A Monty Pythonesque humor figures in much of your work, is this comedic aspect intentional or has it just seeped into your consciousness from being exposed to Monty Python as a child?

Both. I certainly think that humor is an essential ingredient in both art and life. And English humor often leans towards the irreverent, of allowing oneself to do in art what one would never dream of doing in real life. The thing that makes Python so successful is that they locate the absurdity of what we all tend to accept, then they pull back the curtain. And it’s so true! For example, there’s a scene in Life of Brian, after Brian’s been arrested by the Romans. Instead of taking any real action to help his comrade, Reg (played by John Cleese), wants to form a committee to discuss what to do. Ciara, both you and I work in academia. Does any of that sound familiar to you?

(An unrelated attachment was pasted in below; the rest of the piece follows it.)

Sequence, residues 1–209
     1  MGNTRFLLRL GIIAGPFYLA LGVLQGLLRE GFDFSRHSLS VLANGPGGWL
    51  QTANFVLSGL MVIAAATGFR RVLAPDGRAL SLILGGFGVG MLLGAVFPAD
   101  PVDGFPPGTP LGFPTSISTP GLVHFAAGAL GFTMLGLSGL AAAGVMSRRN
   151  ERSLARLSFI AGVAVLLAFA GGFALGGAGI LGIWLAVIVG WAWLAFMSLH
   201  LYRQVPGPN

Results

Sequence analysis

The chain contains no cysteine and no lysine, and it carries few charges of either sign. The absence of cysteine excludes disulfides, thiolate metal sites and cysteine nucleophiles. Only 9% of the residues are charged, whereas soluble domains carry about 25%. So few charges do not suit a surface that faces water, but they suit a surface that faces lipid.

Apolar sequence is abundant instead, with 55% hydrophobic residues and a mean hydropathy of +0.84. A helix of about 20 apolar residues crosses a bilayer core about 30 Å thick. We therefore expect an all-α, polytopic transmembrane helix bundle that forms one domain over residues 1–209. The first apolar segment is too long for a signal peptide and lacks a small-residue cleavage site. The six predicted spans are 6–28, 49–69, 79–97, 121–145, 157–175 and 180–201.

Yes, it definitely does, Richard! Committees convened to decide on other committees that need to be formed, with the issues at hand endlessly deferred! Reminds me of the Monty Python sketch about the gas cooker installation, forever postponed to make way for unlimited tea breaks that prevent any work from ever being done.

Exactly! And now that you mention it, I think its time for a cuppa.